I suppose the time has come to explain how I wound up in Bahia. The briefest reason I can give is that I sang "Eu vou pra Bahia" so often when playing berimbau that I brainwashed myself into going.
Capoeira had led me to Jorge Amado, whose novel Tent of Miracles introduced me to Manuel Querino, who became the inspiration and focal point of my MA research. Ironically, I knew much more about Brazil when I was up to my eyebrows in books and writing my MA paper. Once I'd graduated, the details were already starting to fade as I was finally being recognised as a Brazilianist by my friends and employers at the Centre for African American Studies (CAAS), who invited me to give a lecture on Querino to celebrate and mark my newfound status.
That lecture was the beginning of the end, because one of the people who happened to be in the audience was Consuelo Novais Sampaio, a visiting professor of History from the Federal University at Bahia, and a good friend of my MA advisor (who also introduced my lecture), E. Bradford Burns. When I told her that I was thinking of going to Nigeria to study Yoruba, she said, "Why not study it in Bahia? They teach it at the Centre for Afro-Oriental Studies!"
I didn't need much persuading. The entire reason for making Brazil the focus of my MA in Latin American Studies was to get a grant to visit the country. Unfortunately for me, the topic I chose - Brazilian race relations - was so sensitive at the time that the soon-to-be-defunct military government rejected any scholars intending to study that subject. My advisors - particularly E. Bradford Burns and Johannes Wilbert - suggested that I water down my proposal to make it more palatable.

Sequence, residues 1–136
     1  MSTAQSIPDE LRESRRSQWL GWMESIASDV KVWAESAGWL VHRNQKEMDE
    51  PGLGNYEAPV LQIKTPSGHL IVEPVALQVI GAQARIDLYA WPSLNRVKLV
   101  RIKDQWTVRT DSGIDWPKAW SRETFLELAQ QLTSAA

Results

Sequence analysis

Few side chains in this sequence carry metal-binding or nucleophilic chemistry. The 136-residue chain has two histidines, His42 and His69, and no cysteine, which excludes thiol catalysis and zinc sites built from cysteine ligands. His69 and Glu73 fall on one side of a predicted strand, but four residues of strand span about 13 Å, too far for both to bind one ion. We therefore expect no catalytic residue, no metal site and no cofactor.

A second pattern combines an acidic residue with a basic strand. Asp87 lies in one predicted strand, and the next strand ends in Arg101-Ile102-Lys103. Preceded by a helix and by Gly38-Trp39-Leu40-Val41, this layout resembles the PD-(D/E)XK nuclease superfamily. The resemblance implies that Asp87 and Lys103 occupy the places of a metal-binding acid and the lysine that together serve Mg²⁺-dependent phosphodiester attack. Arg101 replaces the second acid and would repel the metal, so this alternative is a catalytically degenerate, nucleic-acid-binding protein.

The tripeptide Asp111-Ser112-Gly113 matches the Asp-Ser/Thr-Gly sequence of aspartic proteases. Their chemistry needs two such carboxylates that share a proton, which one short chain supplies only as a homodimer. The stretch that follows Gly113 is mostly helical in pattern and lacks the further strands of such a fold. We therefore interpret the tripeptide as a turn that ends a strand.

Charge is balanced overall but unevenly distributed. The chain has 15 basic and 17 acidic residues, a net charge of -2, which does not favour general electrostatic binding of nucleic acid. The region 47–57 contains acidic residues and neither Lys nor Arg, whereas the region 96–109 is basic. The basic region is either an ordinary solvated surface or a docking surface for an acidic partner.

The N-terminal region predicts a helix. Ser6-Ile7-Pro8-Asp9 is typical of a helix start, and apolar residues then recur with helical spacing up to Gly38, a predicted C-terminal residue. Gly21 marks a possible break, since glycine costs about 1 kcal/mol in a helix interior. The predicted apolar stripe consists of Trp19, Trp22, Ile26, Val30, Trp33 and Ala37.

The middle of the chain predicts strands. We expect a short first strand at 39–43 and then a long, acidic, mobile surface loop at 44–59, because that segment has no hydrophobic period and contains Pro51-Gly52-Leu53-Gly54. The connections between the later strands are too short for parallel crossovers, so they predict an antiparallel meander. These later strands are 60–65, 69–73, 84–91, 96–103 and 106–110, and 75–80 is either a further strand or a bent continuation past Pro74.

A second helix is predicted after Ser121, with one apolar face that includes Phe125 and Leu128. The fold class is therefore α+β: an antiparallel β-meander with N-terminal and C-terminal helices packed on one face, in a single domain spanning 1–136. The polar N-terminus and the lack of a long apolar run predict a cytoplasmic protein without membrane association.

Either because my heart wasn't in it, or the Brazilian government saw right through me, it was rejected and I finished my MA and graduated without setting foot in that oft-sung land. I ended up paying for the trip with money obtained from a grant to study Yoruba at UCLA and - in true LA style - a game show. My 31st birthday party at CAAS was also a bon-voyage party. I left for Brazil on Tuesday, December 7th, 1986, intending to spend three months in Bahia doing preliminary research for a PhD in History. I was already enrolled and planned to get started on it as soon as I got back; but as Robbie Burns once wrote, the best-laid plans "aft gang a-glee". I decided that, instead of studying the place and its people, I would rather be a part of it. Since then, I have learnt and grown a great deal from living in a society to which I will never fully belong. The following entries will contain excerpts from the diary I wrote at the time.
*I'm off to Bahia